The fact that some parents (and hence websites, making a profit via advertising) are very keen on debating given names is based to a significant degree on the fact that usually the surname / last name / family name is fixed, so that the creative energy some parents seem to possess goes into picking out given names. And some combinations of given and family names are possibly a bit, ummmm, clumsy. I know someone who’s parents named him Blue Berry (not verbally translated, but you get the idea). In some cases, people with nowadays “strange” or “offensive” surnames chose to change theirs at some point in their lives, some pick the name of their spouse when they get married, others go the legal route. And some proudly carry theirs as family heritage, even though it’s “Womanbeater”1 (again translated from German and someone I know.)

———-

1 No, the name doesn’t indicate someone prone to violence, but a lumberjack working for or employed at a monastery of nuns.

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In the United States of America, the surname of a child is typically1 the surname of one or both of the child's parents (and, is by definition the family name). Different states have different rules about this, but nearly always this is the case. As such, parents don't typically "choose" a surname for their child, unless the parents have different surnames in which case they have a choice from two.

As to why Americans often have common words as surnames, there are two main reasons for this.

  • In European countries, in the first half of the last millenium surnames often came from trades, places, or fathers' names, which were then passed down through the centuries father to child. For example, "Smith" was what the town smith was called, "Baker" was the town baker, etc.; or "Johnson" was "son of John", "Robertson" was "son of Robert"; or, "York" meant from York (a city, and a duchy, in England). These medieval last names were then passed down.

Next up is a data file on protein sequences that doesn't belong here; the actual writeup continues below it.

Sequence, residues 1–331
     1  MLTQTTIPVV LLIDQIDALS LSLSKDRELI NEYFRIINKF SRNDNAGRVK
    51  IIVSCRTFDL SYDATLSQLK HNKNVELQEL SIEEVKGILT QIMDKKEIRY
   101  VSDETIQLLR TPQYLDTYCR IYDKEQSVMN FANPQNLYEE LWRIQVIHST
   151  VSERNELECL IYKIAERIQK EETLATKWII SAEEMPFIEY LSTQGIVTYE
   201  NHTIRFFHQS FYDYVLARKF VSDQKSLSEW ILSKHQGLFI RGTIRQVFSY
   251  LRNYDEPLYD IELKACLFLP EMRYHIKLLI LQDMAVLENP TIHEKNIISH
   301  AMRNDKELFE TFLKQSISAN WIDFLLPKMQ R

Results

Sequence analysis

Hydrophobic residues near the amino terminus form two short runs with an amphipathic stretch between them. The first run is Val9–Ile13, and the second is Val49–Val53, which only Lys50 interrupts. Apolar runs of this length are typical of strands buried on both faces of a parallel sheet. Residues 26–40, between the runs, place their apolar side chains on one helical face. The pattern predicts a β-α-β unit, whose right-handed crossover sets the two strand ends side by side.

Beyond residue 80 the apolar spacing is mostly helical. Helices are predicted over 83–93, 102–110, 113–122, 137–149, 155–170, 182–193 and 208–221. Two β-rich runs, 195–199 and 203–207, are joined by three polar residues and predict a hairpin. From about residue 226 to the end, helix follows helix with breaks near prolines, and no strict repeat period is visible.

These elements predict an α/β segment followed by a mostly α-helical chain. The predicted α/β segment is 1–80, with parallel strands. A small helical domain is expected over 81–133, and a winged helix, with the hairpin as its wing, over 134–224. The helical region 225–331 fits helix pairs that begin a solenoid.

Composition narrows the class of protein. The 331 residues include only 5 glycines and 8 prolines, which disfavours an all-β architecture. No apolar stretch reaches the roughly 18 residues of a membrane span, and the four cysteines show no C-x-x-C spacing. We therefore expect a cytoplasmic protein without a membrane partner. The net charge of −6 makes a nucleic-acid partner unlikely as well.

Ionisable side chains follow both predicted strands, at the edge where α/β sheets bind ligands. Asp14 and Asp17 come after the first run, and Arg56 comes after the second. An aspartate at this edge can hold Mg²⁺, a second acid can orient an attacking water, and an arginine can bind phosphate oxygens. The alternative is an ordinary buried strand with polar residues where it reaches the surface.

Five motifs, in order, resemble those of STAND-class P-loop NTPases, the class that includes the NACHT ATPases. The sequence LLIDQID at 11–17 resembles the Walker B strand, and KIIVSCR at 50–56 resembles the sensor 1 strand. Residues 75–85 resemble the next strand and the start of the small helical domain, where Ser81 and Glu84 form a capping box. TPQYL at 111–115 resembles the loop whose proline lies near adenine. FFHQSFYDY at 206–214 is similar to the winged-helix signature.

• For African Americans, when the slaves were emancipated (in the 1860s), the former slaves did not have last names. Many took the surnames of their former owners, but for others they chose other names - "Washington" is a very common one, for example, after George Washington - or other words entirely ("Freeman" was also quite common).

That's not an exhaustive list, nor am I an expert in this area; consider asking on History for more detail.

I would note that in your list, "Burger" for example is not from an English word - it is from a German word meaning "citizen". You'll find lots of examples of common-word last names in Western European countries if you look around.